PAX West Quick-Look: Dragon Quest Builders

When I met up with Fusionx yesterday at PAX West, he was already immersed deeply in a slew of upcoming titles from Square Enix. Thanks to his almighty powerful influence, he was able to grab me a demo station at the developer’s media booth to try my hand at an upcoming Dragon Quest spinoff, Dragon Quest Builders.

Unfortunately, due to other appointments, I only ended up spending about a half-hour with the game, but I wanted to share some of my first impressions…because they were quite interesting.

Right off the bat, Builders opens with a throwback scene to the original Dragon Quest, with the evil Dragonlord shown on screen in first-person, offering you the chance to rule the world with him. I though this was a neat little tuch for the intro, but after this, I was quickly shuffled off to the game proper.

Builders is played from a third-person perspective, with you taking control of the silent protagonist Bildrick. Thanks to the interactions of other characters, we quickly come to learn that Bildrick is supposed to be somewhat of a sarcastic asshole who doesn’t take anything too seriously.

A mysterious heavenly voice reveals to the protagonist that he is the only person in the world of Alefgard that has the ability to build items from raw materials. Everyone else has lost this ability…for some reason. After a quick and simple tutorial, Bildrick finds himself in a barren field where a city once stood.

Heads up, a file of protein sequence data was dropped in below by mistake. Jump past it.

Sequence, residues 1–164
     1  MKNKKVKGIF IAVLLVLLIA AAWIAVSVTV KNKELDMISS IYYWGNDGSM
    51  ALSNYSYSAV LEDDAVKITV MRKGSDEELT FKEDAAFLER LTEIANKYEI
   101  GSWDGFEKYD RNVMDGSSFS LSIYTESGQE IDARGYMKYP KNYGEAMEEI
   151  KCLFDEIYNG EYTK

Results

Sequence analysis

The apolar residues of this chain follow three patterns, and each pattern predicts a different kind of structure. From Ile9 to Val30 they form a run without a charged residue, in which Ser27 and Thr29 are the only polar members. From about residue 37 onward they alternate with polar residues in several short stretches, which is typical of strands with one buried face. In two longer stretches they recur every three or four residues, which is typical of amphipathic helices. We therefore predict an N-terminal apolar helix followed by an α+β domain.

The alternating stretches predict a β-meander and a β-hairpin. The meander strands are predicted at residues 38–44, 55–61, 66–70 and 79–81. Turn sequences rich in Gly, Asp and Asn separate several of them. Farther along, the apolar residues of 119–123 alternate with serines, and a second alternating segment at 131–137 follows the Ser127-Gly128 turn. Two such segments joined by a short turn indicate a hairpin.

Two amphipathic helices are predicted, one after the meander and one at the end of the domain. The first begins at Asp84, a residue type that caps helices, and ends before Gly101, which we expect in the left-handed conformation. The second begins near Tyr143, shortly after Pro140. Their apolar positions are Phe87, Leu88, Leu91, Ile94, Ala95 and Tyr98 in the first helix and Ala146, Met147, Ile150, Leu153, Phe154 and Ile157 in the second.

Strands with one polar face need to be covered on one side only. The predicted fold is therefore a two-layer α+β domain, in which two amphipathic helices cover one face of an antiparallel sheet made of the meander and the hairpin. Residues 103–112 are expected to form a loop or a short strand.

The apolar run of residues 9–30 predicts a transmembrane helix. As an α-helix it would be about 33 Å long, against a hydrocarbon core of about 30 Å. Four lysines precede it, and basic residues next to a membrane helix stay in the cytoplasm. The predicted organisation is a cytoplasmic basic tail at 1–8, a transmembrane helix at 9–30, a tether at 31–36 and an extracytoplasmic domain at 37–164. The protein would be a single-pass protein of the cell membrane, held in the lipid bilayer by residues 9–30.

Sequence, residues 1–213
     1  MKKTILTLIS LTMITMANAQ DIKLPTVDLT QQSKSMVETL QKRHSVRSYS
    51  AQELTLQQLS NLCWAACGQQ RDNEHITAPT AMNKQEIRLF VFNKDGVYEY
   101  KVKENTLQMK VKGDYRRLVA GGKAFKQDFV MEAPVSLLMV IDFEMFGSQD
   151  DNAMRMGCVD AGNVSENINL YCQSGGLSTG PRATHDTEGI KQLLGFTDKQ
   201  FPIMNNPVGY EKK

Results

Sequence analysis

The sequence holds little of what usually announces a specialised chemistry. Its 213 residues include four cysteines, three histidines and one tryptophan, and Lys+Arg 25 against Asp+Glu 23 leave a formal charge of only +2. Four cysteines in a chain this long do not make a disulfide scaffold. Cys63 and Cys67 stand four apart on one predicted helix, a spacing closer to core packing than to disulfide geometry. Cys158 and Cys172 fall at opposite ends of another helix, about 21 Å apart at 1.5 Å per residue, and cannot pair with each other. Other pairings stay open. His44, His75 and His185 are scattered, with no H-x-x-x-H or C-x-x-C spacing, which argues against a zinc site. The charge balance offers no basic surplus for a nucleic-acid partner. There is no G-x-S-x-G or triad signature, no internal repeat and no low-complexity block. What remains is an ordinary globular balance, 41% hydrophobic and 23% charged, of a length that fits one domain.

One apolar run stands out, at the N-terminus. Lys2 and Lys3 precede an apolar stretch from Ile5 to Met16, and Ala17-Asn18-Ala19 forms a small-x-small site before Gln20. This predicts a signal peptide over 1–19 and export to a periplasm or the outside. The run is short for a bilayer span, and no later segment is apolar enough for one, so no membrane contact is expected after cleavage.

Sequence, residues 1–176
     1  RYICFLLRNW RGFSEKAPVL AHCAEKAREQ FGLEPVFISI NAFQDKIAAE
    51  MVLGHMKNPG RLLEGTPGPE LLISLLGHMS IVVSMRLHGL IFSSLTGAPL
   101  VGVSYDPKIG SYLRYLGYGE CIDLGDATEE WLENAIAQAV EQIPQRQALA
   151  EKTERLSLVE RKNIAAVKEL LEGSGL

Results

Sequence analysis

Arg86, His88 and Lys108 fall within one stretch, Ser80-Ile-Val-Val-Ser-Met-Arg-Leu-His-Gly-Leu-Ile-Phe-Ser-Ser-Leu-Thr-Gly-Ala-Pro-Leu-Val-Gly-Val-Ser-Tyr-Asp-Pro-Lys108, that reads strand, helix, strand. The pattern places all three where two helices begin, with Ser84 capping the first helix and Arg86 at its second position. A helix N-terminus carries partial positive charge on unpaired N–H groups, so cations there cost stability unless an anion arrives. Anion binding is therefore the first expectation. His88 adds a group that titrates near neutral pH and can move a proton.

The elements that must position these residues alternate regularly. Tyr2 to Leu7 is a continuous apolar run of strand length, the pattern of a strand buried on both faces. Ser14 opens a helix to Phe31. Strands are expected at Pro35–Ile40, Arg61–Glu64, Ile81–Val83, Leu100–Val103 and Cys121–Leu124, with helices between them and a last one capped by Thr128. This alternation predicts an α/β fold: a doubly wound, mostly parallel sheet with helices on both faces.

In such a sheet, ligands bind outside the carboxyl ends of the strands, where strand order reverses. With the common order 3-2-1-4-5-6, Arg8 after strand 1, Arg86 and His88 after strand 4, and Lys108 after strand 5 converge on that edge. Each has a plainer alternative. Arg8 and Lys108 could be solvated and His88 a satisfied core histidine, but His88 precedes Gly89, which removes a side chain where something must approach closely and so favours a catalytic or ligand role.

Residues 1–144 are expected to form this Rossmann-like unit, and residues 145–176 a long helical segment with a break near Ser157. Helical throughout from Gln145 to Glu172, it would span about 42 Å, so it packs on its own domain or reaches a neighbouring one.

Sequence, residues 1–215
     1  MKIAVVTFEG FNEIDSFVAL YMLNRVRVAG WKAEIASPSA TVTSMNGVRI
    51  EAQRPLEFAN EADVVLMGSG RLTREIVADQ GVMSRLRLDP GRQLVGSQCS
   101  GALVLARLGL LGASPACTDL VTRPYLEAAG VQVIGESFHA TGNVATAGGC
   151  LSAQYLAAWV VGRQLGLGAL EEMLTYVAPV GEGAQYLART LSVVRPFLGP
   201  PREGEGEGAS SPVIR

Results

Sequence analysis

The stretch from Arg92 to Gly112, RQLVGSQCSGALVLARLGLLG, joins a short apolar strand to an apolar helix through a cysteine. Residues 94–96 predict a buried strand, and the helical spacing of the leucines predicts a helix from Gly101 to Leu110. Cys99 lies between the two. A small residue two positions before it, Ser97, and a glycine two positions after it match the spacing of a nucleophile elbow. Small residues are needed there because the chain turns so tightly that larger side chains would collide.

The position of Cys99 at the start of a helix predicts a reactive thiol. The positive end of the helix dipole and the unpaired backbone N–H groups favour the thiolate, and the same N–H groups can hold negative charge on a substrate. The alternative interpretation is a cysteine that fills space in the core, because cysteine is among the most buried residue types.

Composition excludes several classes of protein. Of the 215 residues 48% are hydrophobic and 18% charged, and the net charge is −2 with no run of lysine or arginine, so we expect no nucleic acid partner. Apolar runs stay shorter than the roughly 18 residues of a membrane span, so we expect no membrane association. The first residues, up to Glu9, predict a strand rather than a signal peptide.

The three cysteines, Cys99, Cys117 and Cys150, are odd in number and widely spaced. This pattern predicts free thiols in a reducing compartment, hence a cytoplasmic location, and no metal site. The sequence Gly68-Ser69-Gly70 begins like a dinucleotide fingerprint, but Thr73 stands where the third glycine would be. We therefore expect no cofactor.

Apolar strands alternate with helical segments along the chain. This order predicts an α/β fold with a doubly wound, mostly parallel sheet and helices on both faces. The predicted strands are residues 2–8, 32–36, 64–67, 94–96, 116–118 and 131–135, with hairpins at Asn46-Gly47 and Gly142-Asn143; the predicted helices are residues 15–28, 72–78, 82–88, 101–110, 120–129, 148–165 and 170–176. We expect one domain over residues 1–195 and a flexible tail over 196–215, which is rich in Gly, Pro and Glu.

From here, our main character is tasked with rebuilding the city, and then the world. This is where I ended up learning that I wasn’t really playing Dragon Quest, but rather, a third-person reskinned version of Minecraft.

Seriously, just about everything here seems to be pulled wholesale from the stupidly-popular indie title. You break bricks and environmental objects to turn them into collectible icons, which you can then use to build anything you want. Builders adds a bit of its own twist in that you can build purpose-specific structures by following blueprints, but even with that, I couldn’t shake the feeling that I’ve seen all of this before.

Like I said, I only got the chance to play the game for around thirty minutes, so I only just barely scratched the surface. However, I can’t really say that I left impressed. The gameplay is solid (although the block-placement controls are occasionally awkward), but from what I gleaned from this opening scenerio, there isn’t much unique here.